An executive with a Fortune 500 company recently shared that their leadership development program teaches team members how to distinguish among and use the three kinds of empathy in the workplace.
The company realized that practicing empathy is a good thing for their bottom line in many ways. Empathy at work is demonstrated to enhance leadership effectiveness and HBR reports there’s a strong link between empathetic leaders and financial performance. It’s also good for employee health.
According to HR Magazine, research shows that when we express empathy, there are physiological effects that both calm us in the present and strengthen our long-term wellbeing. We benefit and others benefit.
Here are the three kinds of empathy to keep in mind, courtesy of the Skills You Need website:
1. Cognitive Empathy, which is also known as ‘perspective-taking,’ isn’t really what we think of as empathy. It means being able to put yourself in someone else’s shoes and see where they’re coming from. Good to use in negotiations. This is “empathy by thought,” instead of by feeling.
2. Emotional Empathy, which is when you almost feel what the other person is experiencing alongside them, “as if you had ‘caught’ the emotions.” This is also known as emotional contagion. It’s closer to what we tend to think of when we define empathy, but with more emotions.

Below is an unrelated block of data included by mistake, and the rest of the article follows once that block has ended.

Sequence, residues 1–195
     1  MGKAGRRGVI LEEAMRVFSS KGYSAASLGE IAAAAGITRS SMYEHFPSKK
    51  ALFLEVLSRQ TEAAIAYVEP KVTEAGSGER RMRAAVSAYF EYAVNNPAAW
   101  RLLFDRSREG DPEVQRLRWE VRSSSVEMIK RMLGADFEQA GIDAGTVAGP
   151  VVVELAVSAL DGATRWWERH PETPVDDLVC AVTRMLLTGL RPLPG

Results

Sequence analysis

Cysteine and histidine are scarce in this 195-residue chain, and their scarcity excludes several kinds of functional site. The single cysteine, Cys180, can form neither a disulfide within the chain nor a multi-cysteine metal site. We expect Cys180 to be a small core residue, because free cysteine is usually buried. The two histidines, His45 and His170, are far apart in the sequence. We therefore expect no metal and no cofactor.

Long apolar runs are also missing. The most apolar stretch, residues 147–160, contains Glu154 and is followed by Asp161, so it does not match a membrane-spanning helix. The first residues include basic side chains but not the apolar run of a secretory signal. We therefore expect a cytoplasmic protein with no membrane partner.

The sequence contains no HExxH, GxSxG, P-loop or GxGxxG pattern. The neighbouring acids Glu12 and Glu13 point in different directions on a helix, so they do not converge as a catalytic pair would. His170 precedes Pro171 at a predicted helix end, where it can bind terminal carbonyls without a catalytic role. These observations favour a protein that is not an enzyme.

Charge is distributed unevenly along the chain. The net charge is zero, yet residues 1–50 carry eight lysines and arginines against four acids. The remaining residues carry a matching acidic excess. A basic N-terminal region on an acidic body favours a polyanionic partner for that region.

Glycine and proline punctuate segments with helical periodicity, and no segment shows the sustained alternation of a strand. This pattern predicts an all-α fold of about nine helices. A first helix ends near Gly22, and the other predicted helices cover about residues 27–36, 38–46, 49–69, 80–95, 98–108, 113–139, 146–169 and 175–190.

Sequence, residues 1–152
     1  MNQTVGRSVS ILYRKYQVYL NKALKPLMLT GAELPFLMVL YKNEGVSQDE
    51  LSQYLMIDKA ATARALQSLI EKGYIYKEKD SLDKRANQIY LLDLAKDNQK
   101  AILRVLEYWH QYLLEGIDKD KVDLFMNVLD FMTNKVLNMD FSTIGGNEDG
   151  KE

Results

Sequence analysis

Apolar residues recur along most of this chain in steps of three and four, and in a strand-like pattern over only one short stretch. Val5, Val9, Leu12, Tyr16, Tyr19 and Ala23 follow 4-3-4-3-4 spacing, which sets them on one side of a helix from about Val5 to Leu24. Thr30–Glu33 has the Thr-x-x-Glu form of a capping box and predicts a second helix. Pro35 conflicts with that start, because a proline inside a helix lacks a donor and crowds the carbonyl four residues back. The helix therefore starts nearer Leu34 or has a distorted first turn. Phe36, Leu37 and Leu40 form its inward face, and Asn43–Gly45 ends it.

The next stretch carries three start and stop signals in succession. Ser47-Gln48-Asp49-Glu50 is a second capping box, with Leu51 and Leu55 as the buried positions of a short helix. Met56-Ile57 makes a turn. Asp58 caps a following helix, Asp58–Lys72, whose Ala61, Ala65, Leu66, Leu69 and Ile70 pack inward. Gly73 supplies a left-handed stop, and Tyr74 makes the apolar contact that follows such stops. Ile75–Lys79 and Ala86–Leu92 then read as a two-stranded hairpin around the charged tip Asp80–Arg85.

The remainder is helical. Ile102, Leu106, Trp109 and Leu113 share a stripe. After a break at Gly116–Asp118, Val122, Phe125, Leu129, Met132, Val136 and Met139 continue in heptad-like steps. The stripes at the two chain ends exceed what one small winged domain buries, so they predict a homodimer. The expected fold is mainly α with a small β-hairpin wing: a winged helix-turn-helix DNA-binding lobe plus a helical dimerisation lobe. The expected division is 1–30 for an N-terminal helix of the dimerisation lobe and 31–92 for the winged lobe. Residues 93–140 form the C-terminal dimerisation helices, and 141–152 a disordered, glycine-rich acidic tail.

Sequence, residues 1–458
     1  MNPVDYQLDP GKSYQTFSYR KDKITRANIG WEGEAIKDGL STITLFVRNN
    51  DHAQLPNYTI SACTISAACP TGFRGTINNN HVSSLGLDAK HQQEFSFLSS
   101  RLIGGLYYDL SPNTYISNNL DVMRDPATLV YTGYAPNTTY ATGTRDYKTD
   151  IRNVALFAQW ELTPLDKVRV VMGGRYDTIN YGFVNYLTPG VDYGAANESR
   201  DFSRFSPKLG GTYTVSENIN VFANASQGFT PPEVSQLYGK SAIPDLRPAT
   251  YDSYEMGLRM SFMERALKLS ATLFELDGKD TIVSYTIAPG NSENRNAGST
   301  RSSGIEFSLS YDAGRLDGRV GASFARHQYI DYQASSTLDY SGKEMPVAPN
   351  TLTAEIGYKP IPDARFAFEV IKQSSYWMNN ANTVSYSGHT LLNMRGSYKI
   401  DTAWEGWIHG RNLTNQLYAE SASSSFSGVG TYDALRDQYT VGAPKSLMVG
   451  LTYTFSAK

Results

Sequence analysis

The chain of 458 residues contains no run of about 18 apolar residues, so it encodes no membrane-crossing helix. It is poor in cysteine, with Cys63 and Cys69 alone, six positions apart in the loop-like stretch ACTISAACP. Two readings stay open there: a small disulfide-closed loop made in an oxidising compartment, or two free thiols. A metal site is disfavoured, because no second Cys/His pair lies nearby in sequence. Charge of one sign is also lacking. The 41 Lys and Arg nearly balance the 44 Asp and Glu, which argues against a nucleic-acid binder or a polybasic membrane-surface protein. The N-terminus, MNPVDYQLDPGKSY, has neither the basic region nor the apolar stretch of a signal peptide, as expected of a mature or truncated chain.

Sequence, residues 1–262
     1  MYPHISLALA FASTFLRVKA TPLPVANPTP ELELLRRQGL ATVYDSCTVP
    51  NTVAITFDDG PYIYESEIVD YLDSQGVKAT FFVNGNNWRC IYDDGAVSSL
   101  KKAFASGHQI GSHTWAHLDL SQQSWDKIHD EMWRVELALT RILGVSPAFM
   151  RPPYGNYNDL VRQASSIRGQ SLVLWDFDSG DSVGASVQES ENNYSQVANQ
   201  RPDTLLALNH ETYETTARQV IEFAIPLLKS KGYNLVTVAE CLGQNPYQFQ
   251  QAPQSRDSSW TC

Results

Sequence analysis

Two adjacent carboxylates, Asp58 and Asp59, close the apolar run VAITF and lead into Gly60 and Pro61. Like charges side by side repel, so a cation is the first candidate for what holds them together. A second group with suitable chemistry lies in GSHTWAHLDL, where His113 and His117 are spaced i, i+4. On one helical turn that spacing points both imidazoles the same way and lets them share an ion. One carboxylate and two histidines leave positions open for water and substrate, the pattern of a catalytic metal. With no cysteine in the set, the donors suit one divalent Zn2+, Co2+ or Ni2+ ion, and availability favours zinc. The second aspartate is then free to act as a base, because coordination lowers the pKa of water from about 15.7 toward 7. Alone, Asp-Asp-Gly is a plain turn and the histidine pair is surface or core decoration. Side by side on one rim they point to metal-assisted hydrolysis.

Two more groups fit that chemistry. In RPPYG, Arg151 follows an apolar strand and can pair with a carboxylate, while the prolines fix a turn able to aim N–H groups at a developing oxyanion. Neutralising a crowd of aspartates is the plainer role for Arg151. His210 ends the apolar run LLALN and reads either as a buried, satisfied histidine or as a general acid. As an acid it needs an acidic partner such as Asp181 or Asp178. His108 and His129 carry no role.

This kind of empathy is good, because it lets us relate to others and what they’re going through. But it can also be bad, in that it’s possible that we “become overwhelmed by those emotions, and therefore unable to respond.” This is empathy overload or empathy fatigue. People who have “a tendency to become overwhelmed need to work on their self-regulation, and particularly their self-control, so that they become better able to manage their own emotions.”
3. Compassionate Empathy is about “feeling someone’s pain, and taking action to help. The name, compassionate empathy, is consistent with what we usually understand by compassion. Like sympathy, compassion is about feeling concern for someone, but with an additional move towards action to mitigate the problem.”
This kind of empathy is the type that’s usually most appropriate. Team members need us to understand and sympathize with their experience, and "either take, or help them to take, action to resolve the problem".
Taken together, these three kinds of empathy can contribute to positive morale, employee retention, and healthier, more positive workplaces, while at the same time ensuring teams can deliver on results.
Are you using empathy to create a culture of performance and productivity? Contact Beth Offenbacker to discuss if a customized leadership training session is the right next step for your firm.